Don and Sheila Hill: The Unfair Park Interview

A little more than 24 hours after a jury found Don and Sheila Hill guilty on a total of 12 counts in the City Hall corruption case, the two sat down with me for a lengthy interview at the offices of Baker Botts on the 11th floor of Trammell Crow Center. Space constraints prevented much of our conversation from appearing in this week's cover story about the trial, so I've pulled together the highlights in the form of a Q & A after the jump, along with a slide show, which includes some never-before-seen photos from the trial.

The Hills were generous with their time (we spoke for approximately two and a half hours), and even though Sheila's attorney, Victor Vital, and Don's consultant, Ken Carter, were on hand, there was little interference. And no question was off-limits. In the aftermath of the verdicts, both seemed focused on their 16-year-old daughter from Sheila's previous marriage to Eric Farrington, who's also a convicted felon. Don says his stepdaughter, who's a junior in high school, wants them to be at her graduation next year. "She's strong, and rightly so, she is a little anxious about what this all means for her mother and pops and her own life in what she wants to do."

Don says his two grown daughters from his previous marriage to Vivian have "pretty much" stuck with him throughout the trial. "It's difficult when your dad's name is in the news and across the paper. Sometimes they wonder about what they should say."

Since the indictments two years ago, Don says he's been smeared professionally, impairing his ability to earn an income, so he and Sheila have scaled their lifestyles down to the bare essentials. They've depended on strong support from their church, family and friends to supplement the limited amount of law Don has been able to practice while Sheila has been serving as his assistant. "The government went to people I've developed relationships with and interviewed them, showed them evidence and played wiretaps," he says.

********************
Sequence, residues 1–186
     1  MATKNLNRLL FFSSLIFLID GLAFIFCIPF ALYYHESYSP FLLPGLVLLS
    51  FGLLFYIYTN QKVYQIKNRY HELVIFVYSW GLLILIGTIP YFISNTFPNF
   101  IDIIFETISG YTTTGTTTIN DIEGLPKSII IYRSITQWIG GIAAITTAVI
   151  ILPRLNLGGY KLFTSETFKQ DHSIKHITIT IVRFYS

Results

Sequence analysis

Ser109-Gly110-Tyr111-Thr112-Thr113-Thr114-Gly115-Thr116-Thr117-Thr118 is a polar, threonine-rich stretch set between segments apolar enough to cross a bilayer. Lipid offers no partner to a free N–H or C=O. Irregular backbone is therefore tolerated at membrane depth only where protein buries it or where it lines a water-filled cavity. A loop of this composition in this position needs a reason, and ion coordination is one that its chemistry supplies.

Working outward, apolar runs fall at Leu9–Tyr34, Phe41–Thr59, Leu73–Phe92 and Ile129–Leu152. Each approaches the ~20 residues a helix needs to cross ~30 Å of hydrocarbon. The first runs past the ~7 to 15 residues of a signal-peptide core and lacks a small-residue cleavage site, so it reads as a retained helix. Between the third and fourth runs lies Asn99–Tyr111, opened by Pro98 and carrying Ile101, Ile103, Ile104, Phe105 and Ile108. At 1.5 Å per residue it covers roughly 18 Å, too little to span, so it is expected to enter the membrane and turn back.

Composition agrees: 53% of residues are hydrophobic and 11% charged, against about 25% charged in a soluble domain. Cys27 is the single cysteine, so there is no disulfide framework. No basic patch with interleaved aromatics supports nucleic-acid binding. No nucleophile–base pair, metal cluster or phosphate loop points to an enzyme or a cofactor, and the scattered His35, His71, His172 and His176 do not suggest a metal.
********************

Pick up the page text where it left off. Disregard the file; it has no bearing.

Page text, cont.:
Even though they both have no complaints about their representation, the two are optimistic about their chances of winning an appeal. "We're not knocked out. We're just going to keep pressing through to the very end," Don says. "We thought today would be truly the first day of the rest of our lives because we'd be moving on, but we're not. We're still in the fight."

KEEP THE DALLAS OBSERVER FREE... Since we started the Dallas Observer, it has been defined as the free, independent voice of Dallas, and we'd like to keep it that way. With local media under siege, it's more important than ever for us to rally support behind funding our local journalism. You can help by participating in our "I Support" program, allowing us to keep offering readers access to our incisive coverage of local news, food and culture with no paywalls.
Sam Merten
Contact: Sam Merten